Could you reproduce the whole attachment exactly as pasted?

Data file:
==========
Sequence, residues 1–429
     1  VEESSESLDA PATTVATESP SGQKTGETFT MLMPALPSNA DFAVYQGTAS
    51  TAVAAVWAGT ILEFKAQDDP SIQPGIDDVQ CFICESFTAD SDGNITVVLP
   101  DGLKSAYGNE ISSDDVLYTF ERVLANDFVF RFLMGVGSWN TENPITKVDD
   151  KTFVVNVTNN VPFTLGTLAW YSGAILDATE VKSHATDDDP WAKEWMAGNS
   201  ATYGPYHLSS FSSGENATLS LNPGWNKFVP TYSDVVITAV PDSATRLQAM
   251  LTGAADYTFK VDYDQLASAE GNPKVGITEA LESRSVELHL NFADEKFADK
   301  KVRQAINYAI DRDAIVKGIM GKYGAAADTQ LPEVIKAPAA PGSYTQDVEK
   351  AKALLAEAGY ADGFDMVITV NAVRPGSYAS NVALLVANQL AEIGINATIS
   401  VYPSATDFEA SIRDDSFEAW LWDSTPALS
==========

Sequence, residues 1–429
     1  VEESSESLDA PATTVATESP SGQKTGETFT MLMPALPSNA DFAVYQGTAS
    51  TAVAAVWAGT ILEFKAQDDP SIQPGIDDVQ CFICESFTAD SDGNITVVLP
   101  DGLKSAYGNE ISSDDVLYTF ERVLANDFVF RFLMGVGSWN TENPITKVDD
   151  KTFVVNVTNN VPFTLGTLAW YSGAILDATE VKSHATDDDP WAKEWMAGNS
   201  ATYGPYHLSS FSSGENATLS LNPGWNKFVP TYSDVVITAV PDSATRLQAM
   251  LTGAADYTFK VDYDQLASAE GNPKVGITEA LESRSVELHL NFADEKFADK
   301  KVRQAINYAI DRDAIVKGIM GKYGAAADTQ LPEVIKAPAA PGSYTQDVEK
   351  AKALLAEAGY ADGFDMVITV NAVRPGSYAS NVALLVANQL AEIGINATIS
   401  VYPSATDFEA SIRDDSFEAW LWDSTPALS